And when who he has are as talented as the guys in Spock's, why not? The most memorable track on Coming Through and the most appropriate, considering the circumstances is a poignant performance from Neal, whose last recorded work may very well be the title track. The lovely piano-driven ballad features bittersweet lyrics Morse penned himself: "I know you're down, my friend/Shedding tears for what might have been/Time won't stand still/But if we try, time will heal." A video of the recording session, during which Neal is overcome with emotion, is captured on a multimedia CD packaged with the album.

"When writing that song, I'm sure Neal had already made up his mind about Spock's Beard," Okumoto says. "The day after he recorded that song, he announced he was leaving. That's probably all he was thinking about."

The goal of this record, recorded in Spring 2002 after wrapping up Snow, was to take some of the best compositions Okumoto's written during the past two decades and rearrange them in a progressive, yet accessible style. Examples include the funky "The Farther He Goes, The Farther He Falls" (with D'Virgilio on vocals and drums), and the 19-minute "Close Enough," on which Kimball goes prog. Okumoto also includes three instrumentals on Coming Through, sequenced to fall nicely between the other five tracks. One of those, the groove-heavy and guitar-free "Godzilla Vs. King Ghidarah," dates back 17 years.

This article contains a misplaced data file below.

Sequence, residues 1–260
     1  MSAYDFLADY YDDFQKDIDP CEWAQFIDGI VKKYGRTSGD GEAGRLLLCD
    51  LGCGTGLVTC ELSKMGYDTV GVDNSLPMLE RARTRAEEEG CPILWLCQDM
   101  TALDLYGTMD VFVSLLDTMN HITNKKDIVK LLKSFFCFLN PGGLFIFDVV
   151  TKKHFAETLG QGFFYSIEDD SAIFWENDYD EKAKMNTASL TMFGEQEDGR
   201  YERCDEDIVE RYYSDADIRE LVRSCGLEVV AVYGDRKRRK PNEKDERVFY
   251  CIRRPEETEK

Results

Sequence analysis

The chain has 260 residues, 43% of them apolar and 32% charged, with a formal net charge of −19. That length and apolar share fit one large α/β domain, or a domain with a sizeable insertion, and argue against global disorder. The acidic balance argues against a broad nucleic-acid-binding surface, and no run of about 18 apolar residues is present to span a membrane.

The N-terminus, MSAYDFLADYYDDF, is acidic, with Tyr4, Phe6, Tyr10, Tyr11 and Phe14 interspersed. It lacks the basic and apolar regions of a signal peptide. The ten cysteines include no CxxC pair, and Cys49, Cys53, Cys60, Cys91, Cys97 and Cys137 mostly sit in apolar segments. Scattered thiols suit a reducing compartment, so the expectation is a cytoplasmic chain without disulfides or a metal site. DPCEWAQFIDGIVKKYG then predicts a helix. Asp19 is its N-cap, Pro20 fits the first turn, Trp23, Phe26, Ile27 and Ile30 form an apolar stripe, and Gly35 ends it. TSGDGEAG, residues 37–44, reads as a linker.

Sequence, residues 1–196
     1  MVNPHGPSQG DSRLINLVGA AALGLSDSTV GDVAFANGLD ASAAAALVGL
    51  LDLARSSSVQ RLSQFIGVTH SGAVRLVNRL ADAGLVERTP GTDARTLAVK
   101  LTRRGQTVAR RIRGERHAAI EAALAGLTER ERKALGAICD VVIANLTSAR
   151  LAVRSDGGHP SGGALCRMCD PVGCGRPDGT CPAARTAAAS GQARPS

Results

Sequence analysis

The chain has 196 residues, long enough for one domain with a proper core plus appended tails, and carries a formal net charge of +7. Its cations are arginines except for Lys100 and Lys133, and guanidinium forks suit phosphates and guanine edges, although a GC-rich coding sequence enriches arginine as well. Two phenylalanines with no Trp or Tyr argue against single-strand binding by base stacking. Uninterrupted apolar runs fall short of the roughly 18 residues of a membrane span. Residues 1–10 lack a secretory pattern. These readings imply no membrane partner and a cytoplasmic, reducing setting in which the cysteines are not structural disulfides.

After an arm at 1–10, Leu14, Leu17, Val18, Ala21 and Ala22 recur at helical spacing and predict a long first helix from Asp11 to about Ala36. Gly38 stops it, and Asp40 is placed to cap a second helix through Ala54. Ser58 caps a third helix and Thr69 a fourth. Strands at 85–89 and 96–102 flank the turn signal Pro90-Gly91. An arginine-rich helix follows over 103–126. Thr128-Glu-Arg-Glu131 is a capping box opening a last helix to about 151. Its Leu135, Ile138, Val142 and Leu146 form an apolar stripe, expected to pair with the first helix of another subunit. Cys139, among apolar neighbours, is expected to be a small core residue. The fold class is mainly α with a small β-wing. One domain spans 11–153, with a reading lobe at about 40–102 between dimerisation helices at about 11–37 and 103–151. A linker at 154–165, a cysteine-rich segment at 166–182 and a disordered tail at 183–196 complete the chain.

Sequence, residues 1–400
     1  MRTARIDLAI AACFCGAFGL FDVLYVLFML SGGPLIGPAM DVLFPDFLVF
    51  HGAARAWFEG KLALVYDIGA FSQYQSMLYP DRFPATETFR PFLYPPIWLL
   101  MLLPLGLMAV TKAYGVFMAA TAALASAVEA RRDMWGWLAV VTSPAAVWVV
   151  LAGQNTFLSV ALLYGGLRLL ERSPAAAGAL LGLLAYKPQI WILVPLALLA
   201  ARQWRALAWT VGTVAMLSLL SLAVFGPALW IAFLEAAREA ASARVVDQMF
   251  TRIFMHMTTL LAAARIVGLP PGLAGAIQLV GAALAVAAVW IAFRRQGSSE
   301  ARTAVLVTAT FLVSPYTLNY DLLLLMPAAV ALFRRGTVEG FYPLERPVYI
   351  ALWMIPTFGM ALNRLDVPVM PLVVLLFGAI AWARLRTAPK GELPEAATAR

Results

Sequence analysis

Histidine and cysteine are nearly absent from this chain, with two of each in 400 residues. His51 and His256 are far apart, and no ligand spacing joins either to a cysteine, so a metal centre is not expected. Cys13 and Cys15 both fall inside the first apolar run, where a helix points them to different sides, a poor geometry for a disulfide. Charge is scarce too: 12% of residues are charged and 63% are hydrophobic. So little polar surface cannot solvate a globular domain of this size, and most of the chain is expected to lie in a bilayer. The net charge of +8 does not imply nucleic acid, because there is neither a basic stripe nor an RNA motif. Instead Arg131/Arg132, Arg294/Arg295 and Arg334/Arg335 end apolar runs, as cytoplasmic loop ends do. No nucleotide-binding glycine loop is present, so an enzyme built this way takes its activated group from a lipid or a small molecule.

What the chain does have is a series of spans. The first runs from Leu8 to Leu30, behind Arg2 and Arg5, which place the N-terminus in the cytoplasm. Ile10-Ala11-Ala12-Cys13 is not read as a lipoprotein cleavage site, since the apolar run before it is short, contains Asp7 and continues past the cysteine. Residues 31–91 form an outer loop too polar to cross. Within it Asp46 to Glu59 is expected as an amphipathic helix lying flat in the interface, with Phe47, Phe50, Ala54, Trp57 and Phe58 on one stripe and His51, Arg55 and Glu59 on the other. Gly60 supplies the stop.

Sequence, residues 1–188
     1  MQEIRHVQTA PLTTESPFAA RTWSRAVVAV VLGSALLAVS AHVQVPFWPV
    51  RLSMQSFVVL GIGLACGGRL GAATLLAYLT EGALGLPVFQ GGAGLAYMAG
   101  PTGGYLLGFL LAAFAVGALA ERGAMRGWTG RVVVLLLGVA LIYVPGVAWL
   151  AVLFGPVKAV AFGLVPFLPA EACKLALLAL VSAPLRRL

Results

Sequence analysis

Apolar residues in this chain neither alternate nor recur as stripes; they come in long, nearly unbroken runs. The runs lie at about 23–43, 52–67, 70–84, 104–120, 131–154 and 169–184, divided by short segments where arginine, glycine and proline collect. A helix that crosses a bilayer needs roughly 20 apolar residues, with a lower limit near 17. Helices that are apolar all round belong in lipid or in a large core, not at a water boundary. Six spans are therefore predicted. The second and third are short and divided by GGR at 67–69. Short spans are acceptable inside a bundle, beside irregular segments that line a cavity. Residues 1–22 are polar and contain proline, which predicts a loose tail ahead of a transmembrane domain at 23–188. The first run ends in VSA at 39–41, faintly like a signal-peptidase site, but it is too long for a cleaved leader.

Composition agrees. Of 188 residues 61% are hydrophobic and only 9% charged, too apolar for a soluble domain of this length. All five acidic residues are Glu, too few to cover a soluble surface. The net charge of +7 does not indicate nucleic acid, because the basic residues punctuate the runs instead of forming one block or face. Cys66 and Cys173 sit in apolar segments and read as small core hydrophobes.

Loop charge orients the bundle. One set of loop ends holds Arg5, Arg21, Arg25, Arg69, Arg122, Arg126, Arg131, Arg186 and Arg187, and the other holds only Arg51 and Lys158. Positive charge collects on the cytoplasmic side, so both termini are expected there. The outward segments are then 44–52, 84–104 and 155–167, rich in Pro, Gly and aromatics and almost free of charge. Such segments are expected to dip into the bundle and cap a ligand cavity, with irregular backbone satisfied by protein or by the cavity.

About the only semi-clunker is Hughes' "Highway Roller," which unfortunately sounds like a Deep Purple reject. The nature of this album gives it a "Various Artists" vibe, but Okumoto's solid and creative playing holds it together. While on Snow he proved he's just as comfortable playing classical-inspired solos as he is banging away on the Hammond organ, on Coming Through, Okumoto just goes wherever the music takes him.

"You definitely feel that progressive thing in there, which I needed to have for prog fans, for Spock's Beard fans," Okumoto says. "I didn't really plan to have a pop side and a prog side. That's just the way things happened. I wasn't even ready to do a solo record. But Spock's Beard is getting bigger, and now I have a chance to actually sell copies of one of my CDs. If I do well with this CD, maybe the guys in Toto [whom Okumoto has known for more than two decades] will call me, and I won't have to call them."